County Parks System Looks To Buy Bethesda Property For Capital Crescent Public Park
Planning board will review proposal to purchase 0.4 acres for $8.5 million
County parks officials want to buy land near the intersection of Bethesda and Woodmont avenues for the creation of a new urban park.
Via Google Earth
Montgomery County planners are looking to buy 0.4 acres near Bethesda Row for a dual purpose: to support Purple Line construction and create a new urban park.
A proposal to buy the land for $8.5 million is set to come before the Montgomery County Planning Board for a vote on Thursday, as officials try to cement the deal by the year’s end, board Chairman Casey Anderson said. If the planning board approves the purchase and all goes well, the site could someday become one of downtown Bethesda’s most significant civic spaces, he added.
“That was the site that was identified by members of the public during our meetings leading up to the Bethesda plan as being the center of Bethesda, the heart of the downtown. So the ability to turn that into an actively programmed and well-maintained park is going to be, I think, a huge step forward,” Anderson said.
Officials said the proposal has been years in the making. The property east of Woodmont Avenue near Mon Ami Gabi is identified in the Bethesda Downtown Sector Plan as a desirable location for a park.
The Bethesda Purple Line Station Plan Minor Master Plan Amendment also describes the importance of providing open space in this area.
Parks officials are ironing out final details of the purchase agreement with Federal Realty Investment Trust, which owns the land, Anderson said. The transaction hinges on getting the County Council’s permission to tap into the Advance Land Acquisition Revolving Fund, a pool of money dedicated to acquiring property for future public use.
In this case, county planners expect the state will need the property during the Purple Line project, expected to wrap up by 2022.
“That’s kind of the bad news. For a period of time … this is going to be a fenced-off construction area,” Parks Director Mike Riley said.
Once the project is finished, the Maryland Transit Administration will retain the right to cross the property to access the light-rail tracks, but that won’t prevent the county from transforming the entire area into a park, he said.
Moreover, the county expects to recoup a significant percentage of the purchase price from the state in exchange for letting MTA use the site. The county is still working out the arrangement with the state, so the exact amount hasn’t been finalized, Anderson said.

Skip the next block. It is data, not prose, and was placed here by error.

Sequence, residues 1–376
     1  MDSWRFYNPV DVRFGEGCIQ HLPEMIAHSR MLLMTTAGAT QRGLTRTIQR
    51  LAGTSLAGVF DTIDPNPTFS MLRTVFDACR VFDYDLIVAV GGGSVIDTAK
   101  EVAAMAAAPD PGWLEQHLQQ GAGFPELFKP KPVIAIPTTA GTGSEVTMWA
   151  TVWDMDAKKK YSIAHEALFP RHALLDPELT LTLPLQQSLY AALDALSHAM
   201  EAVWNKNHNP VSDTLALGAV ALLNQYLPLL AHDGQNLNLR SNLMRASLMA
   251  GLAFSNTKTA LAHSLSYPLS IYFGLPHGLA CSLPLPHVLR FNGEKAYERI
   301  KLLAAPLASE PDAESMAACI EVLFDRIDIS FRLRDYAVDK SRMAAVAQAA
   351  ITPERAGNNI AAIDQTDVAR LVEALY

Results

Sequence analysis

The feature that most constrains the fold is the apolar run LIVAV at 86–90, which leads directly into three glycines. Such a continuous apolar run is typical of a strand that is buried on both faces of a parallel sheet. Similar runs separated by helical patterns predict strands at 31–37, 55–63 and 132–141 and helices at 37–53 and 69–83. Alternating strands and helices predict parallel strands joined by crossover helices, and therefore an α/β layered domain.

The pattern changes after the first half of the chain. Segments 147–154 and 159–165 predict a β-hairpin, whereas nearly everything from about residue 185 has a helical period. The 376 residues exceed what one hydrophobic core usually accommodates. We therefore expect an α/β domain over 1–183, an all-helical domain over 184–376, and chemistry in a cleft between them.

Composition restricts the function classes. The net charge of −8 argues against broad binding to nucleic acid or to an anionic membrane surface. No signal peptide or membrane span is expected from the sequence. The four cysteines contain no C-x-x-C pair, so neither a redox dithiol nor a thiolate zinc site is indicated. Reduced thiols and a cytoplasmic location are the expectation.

Council President Roger Berliner said he’s long supported putting a public park in that spot and fought development plans that would’ve consumed the empty space. The popularity of the plaza in front of Barnes & Noble demonstrates the need for gathering places in that area, he said.
“That part of Bethesda is among the most vibrant parts of Bethesda, and there is a yearning for a public commons,” Berliner said.
He said he’d like to see plenty of green space and some seating in a future park.
During Purple Line construction, parks officials will gather community feedback to begin designing the public park, Riley said. The park could draw everyone from theatergoers and shoppers on Bethesda Row to cyclists traveling the Capital Crescent Trail as it emerges from the Apex building site, Riley said.
“We just want to make it a place where people want to stop and a place where people want to be,” he said.
Figure showing potential features of the Capital Crescent Civic Green. Parks Director Mike Riley said if the land is purchased, parks planners will work with community members to develop a design. Via Bethesda Downtown Plan Design Guidelines
Amanda Farber, a Bethesda resident who has advocated for park development, said a new public park would be nice, but it’s just one piece of addressing the community’s need for open space.
“It’s great that it’s going to be a park, but it’s hardly like a big, grand Central Park,” she said, adding that $8.5 million seems like a large sum to pay for the slice of land. “It’ll be nice to have something there after all these years of nothing.”
Farber said she hopes the park can at least provide a “splash of green” in the area and won’t become a brick plaza like the area in front of Barnes & Noble.
Officials are also pursuing opportunities to create adjacent open spaces. Anderson said they’re hoping to add part of the empty land along Reed Street, possibly increasing the size of the park to 0.6 or 0.7 acres.
Across the street, Ourisman Honda has agreed to widen the Capital Crescent Trail and build a plaza as part of a potential deal with county officials. The Planning Board approved the deal in July, but it still needs the County Council’s approval.
Riley said the County Council in December likely will take up the recommended land purchase for the Capital Crescent Civic Green.
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